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Harvard's Leader Keeps Up Push to Remake School for 21st Century
University Marshal Jackie O'Neill, center, leads the procession followed by a cheering Harvard President Lawrence Summers, during Harvard's 353rd commencement ceremonies this month in Cambridge, Mass. Courtesy AP

CAMBRIDGE, Mass. — Within weeks of taking over as president of Harvard University in July 2001, Lawrence H. Summers captured national headlines after rebuking a star of the university's African American studies department for lackluster academic performance. A few months later, he was back in the news after suggesting that some Harvard professors and students were contributing to "an upturn in anti-Semitism."

These days, the former Treasury secretary and in-house intellectual of the Clinton administration prefers to stick to less controversial matters. During commencement ceremonies this month, Summers called on American universities to do more to help students from disadvantaged backgrounds, repeating a pledge to provide a free education to any student with a family income of less than $40,000 a year.

Behind the scenes, however, supporters and opponents say Summers has been shaking up Harvard with a no-nonsense, often abrasive style that is in sharp contrast to the consensus-building favored by his immediate predecessor, Neil Rudenstine. Over the past three years, he has moved to curb the autonomy of some of Harvard's notoriously independent fiefdoms, place his own people in key positions and reorganize the curriculum.

Lawrence H. Summers
Many at Harvard applaud the changes, arguing that the nation's oldest and most prestigious university needs a kick in the pants if it is to adapt to the challenges of the new century. Others accuse Summers of insensitivity, micromanagement and running the university the same way he ran the Treasury Department — with an emphasis on top-down decision-making and an aggressive public relations operation.

Law professor Alan Dershowitz, a Summers supporter, speaks for many Harvard faculty members when he says that Harvard may be "a china shop that needed to have a bull let loose in it."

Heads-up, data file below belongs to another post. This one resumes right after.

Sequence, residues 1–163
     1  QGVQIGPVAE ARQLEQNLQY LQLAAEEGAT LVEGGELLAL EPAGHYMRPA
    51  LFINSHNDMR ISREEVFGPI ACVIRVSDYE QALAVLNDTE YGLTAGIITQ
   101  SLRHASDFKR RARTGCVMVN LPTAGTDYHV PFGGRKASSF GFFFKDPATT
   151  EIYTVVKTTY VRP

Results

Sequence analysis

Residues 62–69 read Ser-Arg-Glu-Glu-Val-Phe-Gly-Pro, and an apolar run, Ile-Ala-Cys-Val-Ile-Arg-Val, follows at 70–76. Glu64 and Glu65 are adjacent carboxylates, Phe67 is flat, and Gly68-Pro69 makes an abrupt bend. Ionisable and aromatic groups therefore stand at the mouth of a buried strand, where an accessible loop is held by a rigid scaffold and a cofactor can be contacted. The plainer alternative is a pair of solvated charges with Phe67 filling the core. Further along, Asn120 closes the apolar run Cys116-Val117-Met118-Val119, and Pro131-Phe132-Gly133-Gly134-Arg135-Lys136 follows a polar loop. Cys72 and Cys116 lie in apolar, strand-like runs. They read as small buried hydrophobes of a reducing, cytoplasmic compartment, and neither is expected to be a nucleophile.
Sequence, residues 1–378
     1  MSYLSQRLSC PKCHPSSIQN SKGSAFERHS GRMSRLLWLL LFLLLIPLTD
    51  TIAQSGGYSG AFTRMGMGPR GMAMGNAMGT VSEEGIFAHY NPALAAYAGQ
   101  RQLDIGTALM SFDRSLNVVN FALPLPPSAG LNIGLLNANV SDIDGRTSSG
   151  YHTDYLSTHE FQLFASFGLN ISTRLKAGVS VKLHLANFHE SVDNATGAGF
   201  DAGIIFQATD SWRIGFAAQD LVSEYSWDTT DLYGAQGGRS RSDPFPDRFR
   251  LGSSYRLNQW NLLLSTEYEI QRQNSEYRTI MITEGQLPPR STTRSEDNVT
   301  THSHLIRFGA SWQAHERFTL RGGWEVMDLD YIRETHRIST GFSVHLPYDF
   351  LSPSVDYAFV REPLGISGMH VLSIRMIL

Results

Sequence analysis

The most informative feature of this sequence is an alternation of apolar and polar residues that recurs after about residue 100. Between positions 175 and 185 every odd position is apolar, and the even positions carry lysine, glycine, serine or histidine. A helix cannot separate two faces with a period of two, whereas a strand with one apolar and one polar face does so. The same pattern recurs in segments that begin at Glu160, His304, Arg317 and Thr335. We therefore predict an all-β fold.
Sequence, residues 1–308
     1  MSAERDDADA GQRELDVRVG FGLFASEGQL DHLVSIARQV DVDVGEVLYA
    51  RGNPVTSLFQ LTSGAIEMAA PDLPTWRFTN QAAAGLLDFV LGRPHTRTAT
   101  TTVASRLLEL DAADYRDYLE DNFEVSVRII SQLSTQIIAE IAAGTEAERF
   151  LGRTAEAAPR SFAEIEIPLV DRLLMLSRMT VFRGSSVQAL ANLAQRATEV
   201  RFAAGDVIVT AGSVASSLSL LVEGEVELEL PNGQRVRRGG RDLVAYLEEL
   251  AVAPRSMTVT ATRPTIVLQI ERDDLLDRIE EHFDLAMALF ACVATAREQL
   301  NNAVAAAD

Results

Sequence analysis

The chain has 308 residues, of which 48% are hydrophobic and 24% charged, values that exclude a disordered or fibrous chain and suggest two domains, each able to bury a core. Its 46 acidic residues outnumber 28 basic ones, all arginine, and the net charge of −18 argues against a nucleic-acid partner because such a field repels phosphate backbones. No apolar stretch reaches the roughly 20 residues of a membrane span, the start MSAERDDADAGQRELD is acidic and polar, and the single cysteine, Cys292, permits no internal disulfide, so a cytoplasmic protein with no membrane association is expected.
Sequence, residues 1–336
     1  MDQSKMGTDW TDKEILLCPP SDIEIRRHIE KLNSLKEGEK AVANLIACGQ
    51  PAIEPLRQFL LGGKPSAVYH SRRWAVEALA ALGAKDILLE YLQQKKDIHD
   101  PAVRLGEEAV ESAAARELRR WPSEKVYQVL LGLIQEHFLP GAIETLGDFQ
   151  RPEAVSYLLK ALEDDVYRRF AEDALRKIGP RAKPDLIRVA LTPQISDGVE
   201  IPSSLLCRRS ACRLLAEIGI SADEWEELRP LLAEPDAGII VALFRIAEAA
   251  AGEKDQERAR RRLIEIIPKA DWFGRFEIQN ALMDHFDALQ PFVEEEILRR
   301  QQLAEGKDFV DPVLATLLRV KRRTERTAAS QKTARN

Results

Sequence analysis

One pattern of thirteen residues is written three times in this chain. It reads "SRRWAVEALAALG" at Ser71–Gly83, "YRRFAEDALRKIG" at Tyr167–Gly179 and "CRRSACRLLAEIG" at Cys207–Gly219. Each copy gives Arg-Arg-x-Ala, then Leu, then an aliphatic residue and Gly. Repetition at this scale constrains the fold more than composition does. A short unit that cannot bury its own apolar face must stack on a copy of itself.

The scion of a family of distinguished economists, Summers was 28 when he became in 1983 one of the youngest tenured professors in Harvard history. He moved to Washington in 1991 to serve as chief economist of the World Bank before joining the Clinton administration in 1993 as undersecretary at Treasury. He succeeded his patron, Robert E. Rubin, as Treasury secretary in 1999. In Washington and Cambridge, he gained a reputation for combining brilliance with arrogance.

In an interview in his Harvard office, Summers acknowledged treading on a few toes. "The greatest danger for a university is to be complacent and comfortable," said Summers, his feet propped on a coffee table as he sipped a Diet Coke. "I have tried to resist the idea that the fact we have done things in a certain way is the reason why we should continue to do things the same way."

Remaking an institution founded 140 years before the United States is a formidable challenge. Harvard is on the verge of one of the most dramatic expansions in its history, developing a new campus in Boston across the Charles River that will more than double the school's physical size. This comes on top of a lively debate about the research priorities, admissions policies and teaching practices of a university that aspires to set trends for the rest of academia.

Harvard University campus